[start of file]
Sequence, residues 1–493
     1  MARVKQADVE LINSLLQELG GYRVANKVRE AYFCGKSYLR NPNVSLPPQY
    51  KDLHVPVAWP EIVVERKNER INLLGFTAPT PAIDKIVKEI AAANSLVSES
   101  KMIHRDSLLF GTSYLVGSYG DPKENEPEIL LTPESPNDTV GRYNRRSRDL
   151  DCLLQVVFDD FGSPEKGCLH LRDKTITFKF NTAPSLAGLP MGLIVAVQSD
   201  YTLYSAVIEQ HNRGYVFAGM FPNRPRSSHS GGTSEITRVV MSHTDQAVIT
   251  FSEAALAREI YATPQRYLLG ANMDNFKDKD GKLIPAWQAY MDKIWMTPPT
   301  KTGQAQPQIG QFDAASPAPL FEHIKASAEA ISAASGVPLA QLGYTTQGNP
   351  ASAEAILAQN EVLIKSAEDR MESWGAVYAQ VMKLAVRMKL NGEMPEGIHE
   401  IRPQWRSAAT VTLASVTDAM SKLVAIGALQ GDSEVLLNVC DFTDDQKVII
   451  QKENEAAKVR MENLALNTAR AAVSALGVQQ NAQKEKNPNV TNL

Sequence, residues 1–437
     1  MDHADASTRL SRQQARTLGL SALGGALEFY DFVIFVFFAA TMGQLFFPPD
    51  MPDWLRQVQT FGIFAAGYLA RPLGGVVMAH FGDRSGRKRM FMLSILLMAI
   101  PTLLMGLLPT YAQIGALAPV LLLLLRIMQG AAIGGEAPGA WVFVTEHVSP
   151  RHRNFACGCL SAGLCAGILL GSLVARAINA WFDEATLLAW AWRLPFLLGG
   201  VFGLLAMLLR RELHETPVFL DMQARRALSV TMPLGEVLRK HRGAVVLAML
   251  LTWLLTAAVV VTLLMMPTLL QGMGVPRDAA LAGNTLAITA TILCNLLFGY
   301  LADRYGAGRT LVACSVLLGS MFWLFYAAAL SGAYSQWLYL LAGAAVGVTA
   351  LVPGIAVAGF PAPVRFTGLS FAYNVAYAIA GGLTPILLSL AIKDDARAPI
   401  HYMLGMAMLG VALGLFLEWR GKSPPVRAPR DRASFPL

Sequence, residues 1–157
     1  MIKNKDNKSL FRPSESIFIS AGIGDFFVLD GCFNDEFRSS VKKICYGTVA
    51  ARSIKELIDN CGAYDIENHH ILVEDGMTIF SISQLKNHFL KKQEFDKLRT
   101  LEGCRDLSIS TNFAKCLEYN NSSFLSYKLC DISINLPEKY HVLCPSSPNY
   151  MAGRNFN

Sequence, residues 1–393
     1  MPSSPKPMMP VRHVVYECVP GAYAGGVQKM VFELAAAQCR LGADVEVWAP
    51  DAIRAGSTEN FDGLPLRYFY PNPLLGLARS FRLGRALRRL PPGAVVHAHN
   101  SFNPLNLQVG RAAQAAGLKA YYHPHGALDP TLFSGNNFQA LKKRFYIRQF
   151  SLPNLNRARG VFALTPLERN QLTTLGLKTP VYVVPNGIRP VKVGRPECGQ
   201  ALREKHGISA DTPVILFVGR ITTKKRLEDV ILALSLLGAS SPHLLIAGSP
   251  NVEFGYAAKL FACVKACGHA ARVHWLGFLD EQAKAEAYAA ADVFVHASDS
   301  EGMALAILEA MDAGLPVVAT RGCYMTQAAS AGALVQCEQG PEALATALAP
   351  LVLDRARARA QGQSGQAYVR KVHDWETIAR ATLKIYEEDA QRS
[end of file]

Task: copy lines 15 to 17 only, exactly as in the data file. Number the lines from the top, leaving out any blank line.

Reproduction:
   101  PTLLMGLLPT YAQIGALAPV LLLLLRIMQG AAIGGEAPGA WVFVTEHVSP
   151  RHRNFACGCL SAGLCAGILL GSLVARAINA WFDEATLLAW AWRLPFLLGG
   201  VFGLLAMLLR RELHETPVFL DMQARRALSV TMPLGEVLRK HRGAVVLAML